In a 2013 article, researchers who study the impact of the law on human lives (Wiener, Gervais, Allen, & Marquez cited below) specifically explored the impact of people’s individual perspectives on their ability to consider the reasonable person’s perspective when judging potentially harassing behavior.

What do we mean by the reasonable person? The reasonable person is, according to Merriam-Webster, “a fictional person with an ordinary degree of reason, prudence, care, foresight, or intelligence whose conduct, conclusion, or expectation in relation to a particular circumstance or fact is used as an objective standard by which to measure or determine something (as the existence of negligence).” The reasonable person‘s point of view is considered when an issue of unwanted behavior occurs in a work environment, in order to help determine whether the act should reasonably be considered offensive.

In reading this article, I learned that there is something called the self-reference effect, where humans tend to reach judgments about outside situations by placing themselves inside the role of the ‘experiencer’ in the situation. As humans, we do this naturally – perhaps as an instinctive survival mechanism. However, in theory, this idea would debunk the whole reasonable person test we use to objectively judge issues. How can we consider the reasonable person’s perspective if we are putting our own emotions and values into that role any way? Isn’t that just our perspective then?

The answer is yes. We have a tendency to put ourselves into the shoes of others when predicting how another person experiences something. But that does not mean it’s impossible for us to consider the reasonable-ness of workplace behavior.  After all, we are held to certain expectations and standards in a work environment are we not?Perhaps a helpful way to think about the reasonable person is to instead consider a prudent, or careful, or responsible, or professional point of view.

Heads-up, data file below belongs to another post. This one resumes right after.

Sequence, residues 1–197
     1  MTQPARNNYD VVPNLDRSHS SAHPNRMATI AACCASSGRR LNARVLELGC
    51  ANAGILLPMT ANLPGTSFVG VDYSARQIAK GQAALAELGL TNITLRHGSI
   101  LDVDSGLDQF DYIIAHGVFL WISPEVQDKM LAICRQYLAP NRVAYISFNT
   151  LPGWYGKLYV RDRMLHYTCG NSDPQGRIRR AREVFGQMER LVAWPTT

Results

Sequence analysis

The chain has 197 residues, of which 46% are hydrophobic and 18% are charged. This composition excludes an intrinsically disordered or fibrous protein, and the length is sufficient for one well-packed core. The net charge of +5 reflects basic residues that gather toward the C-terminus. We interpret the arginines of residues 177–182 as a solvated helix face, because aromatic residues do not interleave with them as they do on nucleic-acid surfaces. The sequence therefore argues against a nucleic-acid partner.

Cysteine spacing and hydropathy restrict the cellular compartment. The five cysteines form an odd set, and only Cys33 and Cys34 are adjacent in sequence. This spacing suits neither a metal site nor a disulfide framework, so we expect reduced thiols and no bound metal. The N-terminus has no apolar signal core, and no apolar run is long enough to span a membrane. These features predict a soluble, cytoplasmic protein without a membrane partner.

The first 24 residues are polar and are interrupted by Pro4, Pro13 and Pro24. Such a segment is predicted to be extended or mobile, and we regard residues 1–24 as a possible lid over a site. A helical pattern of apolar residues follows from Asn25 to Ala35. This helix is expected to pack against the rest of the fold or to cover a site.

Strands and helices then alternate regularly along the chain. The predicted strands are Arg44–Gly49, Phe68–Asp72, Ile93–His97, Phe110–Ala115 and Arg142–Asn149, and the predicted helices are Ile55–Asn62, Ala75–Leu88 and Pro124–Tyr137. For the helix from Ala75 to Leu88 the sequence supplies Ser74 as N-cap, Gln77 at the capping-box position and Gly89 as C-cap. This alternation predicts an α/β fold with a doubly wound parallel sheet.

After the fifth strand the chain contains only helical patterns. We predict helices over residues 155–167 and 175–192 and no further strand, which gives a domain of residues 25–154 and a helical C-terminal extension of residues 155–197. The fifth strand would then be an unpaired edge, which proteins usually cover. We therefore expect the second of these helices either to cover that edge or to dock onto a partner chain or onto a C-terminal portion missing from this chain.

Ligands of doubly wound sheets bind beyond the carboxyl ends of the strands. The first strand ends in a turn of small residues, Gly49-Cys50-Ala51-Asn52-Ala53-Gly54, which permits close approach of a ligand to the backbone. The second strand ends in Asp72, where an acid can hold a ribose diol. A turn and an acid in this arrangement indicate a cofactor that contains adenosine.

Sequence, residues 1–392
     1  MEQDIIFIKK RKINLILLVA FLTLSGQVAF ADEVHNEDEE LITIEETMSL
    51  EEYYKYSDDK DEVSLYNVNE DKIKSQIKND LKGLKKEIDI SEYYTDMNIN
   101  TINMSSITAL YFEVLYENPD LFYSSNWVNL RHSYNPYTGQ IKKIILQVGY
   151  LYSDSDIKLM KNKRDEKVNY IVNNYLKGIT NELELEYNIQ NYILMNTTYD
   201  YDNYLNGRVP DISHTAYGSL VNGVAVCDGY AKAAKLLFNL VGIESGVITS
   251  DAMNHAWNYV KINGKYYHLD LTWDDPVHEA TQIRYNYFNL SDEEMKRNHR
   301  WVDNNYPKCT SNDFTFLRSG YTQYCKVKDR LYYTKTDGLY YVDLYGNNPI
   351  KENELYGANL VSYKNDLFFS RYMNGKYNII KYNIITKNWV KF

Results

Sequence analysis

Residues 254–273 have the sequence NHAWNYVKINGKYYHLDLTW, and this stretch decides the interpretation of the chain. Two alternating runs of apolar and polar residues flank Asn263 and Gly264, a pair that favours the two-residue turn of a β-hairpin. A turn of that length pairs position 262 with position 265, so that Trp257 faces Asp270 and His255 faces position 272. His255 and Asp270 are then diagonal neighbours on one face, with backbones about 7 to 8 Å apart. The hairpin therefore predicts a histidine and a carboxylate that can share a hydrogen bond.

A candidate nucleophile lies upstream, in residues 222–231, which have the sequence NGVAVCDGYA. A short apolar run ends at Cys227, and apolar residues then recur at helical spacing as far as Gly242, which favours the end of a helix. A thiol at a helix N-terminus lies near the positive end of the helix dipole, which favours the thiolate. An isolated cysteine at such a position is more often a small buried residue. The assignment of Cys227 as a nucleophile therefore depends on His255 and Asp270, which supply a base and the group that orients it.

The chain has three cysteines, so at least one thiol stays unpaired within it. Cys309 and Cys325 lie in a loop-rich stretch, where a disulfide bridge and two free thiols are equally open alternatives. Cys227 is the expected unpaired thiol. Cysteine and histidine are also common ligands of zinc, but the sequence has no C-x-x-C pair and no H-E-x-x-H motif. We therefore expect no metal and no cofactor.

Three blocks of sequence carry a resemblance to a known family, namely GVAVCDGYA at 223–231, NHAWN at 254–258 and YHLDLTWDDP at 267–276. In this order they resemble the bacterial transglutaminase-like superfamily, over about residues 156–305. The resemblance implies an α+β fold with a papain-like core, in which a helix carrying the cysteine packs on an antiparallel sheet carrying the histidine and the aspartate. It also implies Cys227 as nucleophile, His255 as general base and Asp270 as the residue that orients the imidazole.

Would a prudent/careful/responsible/professional person consider the behavior unwelcome in a work environment?

 

The first step is knowing where the legal boundaries exist in your context.

Do you (and your team) know what legally defines harassing behavior?

 

Wiener, R. L., Gervais, S. J., Allen, J., & Marquez, A. (2013). Eye of the beholder: Effects of perspective and sexual objectification on harassment judgments. Psychology, Public Policy, and Law19(2), 206.

I used to work with someone with whom I had a personal issue, and the personal issue I had unfortunately skewed the way I viewed this individual and their behavior in our work environment. Of course I can see this now in hindsight, because this was years ago, but what I also didn’t know back then is that there are strategies for neutralizing our personal biases toward others.

Since then, I have also learned that it is easy to slip into a negative attitude when we feel wronged. Whether it’s because your reputation is at stake or because you just feel ignored, sometimes we fall into a place where we can only seem to think about the negative aspects of a situation.

Could you or someone you know use a simple model for

neutralizing personal bias?

The 2018 Oxford Word of the Year is toxic – a word we usually hear associated with substances like toxic chemicals or toxic waste. We usually use the word toxic to warm ourselves and others that a certain substance is poisonous or dangerous.

In 2018, the use of the word toxic grew to be widely associated with certain situations as well, for example toxic masculinity or toxic work environments.

We take the word seriously when it comes to our health (avoiding toxic chemicals), but what about our mental health or our occupational health? Toxic situations at work, such as gossip or rumors, bullying, or harassment, can cause employees to experience levels of stress and anxiety that significantly impact their well-being, as well as the well-being of the business.